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Duplication fears cloud the latest Essence of Care benchmark

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The new Essence of Care standards have an noticeably wide focus and replicate other guidelines. Emma Vere-Jones takes a look

THE DEPARTMENT of Health has just published its 11th Essence of Care benchmarking document, which outlines best practice for the ‘care environment’.

The benchmark has a wider focus than its predecessors – covering any healthcare setting as well as the patient’s own home. It focuses on seven key factors:
- access to the care environment;
- culture among staff in the environment;
- maintenance;
- cleanliness;
- infection control precautions;
- personal environment;
- linen and furnishings

So far the Essence of Care series has proved popular with nurses.

‘They are a very good set of standards,’ said Margaret Howat, acting head of practice development at Homerton Hospital NHS Foundation Trust in east London. ‘The Healthcare Commission uses it for its core standards and it’s just really good guidance for us,’ she added.

However, the previous 10 benchmarks have had a much narrower and often more clinical focus, looking at issues such as pressure ulcers, continence and nutrition.

There is some concern that, while the new document pulls a lot of best practice guidance into one place, nurses could be overloaded with too many audits to carry out.

Take the infection control precautions, for example. No nurse would disagree with best practice indicators suggesting that staff should wash their hands, that trusts should have an infection control policy and that appropriate systems should be in place in case of an infection outbreak.

But these indicators are merely replicating guidance found elsewhere.

‘If people are auditing to Healthcare Commission core standards, the Infection Prevention Society national standards and the Patient Environment Action Team assessments, and then they’re doing this on top – I can’t see how it will be of benefit,’ warned Judy Potter, chairperson of the Infection Prevention Society.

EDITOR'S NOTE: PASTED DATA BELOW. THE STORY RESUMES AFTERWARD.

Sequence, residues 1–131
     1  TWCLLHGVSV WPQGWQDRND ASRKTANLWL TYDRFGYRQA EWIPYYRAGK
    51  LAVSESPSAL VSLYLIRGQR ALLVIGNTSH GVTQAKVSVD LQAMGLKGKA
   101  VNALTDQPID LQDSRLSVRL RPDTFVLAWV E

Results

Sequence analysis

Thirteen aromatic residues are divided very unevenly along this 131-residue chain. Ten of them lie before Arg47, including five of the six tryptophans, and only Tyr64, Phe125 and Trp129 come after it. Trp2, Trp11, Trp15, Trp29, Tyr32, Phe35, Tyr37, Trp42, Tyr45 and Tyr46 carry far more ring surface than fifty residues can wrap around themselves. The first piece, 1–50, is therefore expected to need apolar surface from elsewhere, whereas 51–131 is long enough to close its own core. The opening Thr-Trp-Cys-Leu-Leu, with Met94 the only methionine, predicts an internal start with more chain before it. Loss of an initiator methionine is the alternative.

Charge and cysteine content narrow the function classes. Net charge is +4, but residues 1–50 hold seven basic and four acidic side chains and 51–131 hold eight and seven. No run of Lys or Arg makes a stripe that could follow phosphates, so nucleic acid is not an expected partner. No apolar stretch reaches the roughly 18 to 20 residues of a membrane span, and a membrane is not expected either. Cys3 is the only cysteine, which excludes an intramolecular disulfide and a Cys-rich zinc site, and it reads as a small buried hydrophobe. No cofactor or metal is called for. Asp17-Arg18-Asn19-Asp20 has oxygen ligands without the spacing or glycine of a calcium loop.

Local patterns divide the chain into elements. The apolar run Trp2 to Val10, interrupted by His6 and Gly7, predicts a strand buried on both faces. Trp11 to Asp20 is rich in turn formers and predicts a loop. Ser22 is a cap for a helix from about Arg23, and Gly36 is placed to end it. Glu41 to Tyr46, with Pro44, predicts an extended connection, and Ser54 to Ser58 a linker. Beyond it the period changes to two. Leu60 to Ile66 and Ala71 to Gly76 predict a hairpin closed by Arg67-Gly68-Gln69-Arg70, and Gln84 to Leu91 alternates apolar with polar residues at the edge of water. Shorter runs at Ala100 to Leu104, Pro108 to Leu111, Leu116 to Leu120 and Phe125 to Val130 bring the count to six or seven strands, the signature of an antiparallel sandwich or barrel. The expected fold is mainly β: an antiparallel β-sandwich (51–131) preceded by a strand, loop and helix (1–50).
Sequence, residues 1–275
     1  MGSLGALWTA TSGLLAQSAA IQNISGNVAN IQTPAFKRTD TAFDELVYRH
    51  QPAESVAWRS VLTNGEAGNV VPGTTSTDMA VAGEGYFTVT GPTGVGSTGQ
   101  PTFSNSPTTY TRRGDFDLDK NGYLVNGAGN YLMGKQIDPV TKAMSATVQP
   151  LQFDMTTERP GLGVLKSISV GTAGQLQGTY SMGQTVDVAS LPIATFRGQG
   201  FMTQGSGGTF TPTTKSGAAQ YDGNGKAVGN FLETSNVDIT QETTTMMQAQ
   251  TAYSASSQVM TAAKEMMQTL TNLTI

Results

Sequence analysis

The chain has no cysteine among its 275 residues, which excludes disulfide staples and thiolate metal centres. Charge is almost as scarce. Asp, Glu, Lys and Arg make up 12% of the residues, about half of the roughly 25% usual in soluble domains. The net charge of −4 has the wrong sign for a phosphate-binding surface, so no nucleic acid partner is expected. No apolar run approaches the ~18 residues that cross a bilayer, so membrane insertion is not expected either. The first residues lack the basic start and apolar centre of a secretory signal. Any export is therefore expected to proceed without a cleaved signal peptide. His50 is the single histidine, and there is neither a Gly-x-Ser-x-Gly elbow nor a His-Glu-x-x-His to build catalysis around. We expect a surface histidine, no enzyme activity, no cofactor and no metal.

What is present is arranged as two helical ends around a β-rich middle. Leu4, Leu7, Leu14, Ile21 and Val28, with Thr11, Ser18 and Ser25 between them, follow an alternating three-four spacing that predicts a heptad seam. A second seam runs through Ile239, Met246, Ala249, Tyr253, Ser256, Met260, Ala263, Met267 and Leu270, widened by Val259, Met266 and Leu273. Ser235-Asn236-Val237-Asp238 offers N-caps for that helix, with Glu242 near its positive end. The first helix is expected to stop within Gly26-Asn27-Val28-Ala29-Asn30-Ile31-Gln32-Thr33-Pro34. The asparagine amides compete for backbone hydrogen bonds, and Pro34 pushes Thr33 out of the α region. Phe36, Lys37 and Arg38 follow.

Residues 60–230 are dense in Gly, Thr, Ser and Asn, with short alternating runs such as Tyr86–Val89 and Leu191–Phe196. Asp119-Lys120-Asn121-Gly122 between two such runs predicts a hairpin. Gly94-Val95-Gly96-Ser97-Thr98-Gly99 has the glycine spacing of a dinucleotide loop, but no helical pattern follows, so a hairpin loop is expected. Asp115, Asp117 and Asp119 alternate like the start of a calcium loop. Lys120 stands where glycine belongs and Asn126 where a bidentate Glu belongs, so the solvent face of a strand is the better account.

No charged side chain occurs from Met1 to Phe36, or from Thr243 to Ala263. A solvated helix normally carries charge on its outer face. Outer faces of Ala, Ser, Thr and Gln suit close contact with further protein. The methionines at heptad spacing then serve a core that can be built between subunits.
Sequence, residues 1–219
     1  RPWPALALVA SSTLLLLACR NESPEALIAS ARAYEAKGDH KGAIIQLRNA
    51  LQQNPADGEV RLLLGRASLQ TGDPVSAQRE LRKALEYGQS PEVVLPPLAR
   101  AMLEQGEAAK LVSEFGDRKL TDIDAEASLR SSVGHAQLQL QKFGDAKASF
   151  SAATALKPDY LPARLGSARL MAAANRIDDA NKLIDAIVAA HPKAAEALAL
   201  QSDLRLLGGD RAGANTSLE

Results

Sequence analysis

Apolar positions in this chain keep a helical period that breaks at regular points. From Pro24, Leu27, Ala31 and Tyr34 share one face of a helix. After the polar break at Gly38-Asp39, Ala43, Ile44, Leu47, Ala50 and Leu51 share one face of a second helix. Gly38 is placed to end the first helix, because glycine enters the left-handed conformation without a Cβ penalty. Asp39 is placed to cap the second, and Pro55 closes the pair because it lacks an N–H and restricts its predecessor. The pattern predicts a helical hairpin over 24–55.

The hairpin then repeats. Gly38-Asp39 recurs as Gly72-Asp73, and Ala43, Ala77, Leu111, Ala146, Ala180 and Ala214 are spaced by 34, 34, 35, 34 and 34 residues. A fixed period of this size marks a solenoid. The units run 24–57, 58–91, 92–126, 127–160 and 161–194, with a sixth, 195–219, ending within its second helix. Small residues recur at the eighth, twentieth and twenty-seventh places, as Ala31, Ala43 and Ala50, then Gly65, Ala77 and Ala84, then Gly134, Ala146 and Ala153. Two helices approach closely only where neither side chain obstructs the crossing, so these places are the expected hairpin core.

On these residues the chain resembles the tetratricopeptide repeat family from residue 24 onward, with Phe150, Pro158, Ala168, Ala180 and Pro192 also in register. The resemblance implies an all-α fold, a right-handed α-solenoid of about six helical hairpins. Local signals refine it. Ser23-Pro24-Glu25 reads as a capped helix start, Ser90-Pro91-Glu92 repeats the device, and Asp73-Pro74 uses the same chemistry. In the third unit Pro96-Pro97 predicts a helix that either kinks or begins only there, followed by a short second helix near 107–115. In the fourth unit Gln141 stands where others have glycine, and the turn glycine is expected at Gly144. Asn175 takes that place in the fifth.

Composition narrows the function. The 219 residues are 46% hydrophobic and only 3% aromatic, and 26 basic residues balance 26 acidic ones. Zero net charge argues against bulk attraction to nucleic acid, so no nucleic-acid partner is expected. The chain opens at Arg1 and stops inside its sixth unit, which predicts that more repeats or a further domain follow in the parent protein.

‘I think it’s important that people use the findings of other audits to inform this, rather than having to duplicate the work,’ she said.

Ms Howat agreed that the new benchmark could take up a lot of time. ‘It’s such a big benchmark that it makes me slightly anxious,’ she said. ‘I think it’s important that you just pick out the bits that aren’t covered elsewhere.’

But she welcomed the document’s reinforcing of basic care elements, such as being courteous and tidy, saying that emphasising the fundamentals of nursing was always appropriate.

However, some best practice indicators fall well outside nurses’ remit.

The document suggests car-parking charges be kept at a minimum and soft furnishings be therapeutic in colour. In such cases, nurses’ role would be restricted to arguing for change on behalf of patients.

‘You can be the patient advocate, Ms Howat said. ‘Even when it’s outside a nurse’s area, they can take it to people and say this is what we need to achieve. If the trust isn’t providing car parking you can say “excuse me, but it’s in this standard”. It can be a useful lever.’

The benchmark will no doubt prove very useful but nurses may question its scope, especially if it involves duplicating tasks.

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